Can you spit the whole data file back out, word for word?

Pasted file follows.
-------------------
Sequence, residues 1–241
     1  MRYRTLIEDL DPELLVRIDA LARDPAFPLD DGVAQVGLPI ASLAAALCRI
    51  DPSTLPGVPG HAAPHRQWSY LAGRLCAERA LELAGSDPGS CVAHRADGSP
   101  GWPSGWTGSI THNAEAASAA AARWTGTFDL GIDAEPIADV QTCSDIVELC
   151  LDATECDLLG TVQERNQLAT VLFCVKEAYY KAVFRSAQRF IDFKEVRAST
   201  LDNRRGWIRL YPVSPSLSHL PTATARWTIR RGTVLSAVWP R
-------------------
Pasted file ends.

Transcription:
Sequence, residues 1–241
     1  MRYRTLIEDL DPELLVRIDA LARDPAFPLD DGVAQVGLPI ASLAAALCRI
    51  DPSTLPGVPG HAAPHRQWSY LAGRLCAERA LELAGSDPGS CVAHRADGSP
   101  GWPSGWTGSI THNAEAASAA AARWTGTFDL GIDAEPIADV QTCSDIVELC
   151  LDATECDLLG TVQERNQLAT VLFCVKEAYY KAVFRSAQRF IDFKEVRAST
   201  LDNRRGWIRL YPVSPSLSHL PTATARWTIR RGTVLSAVWP R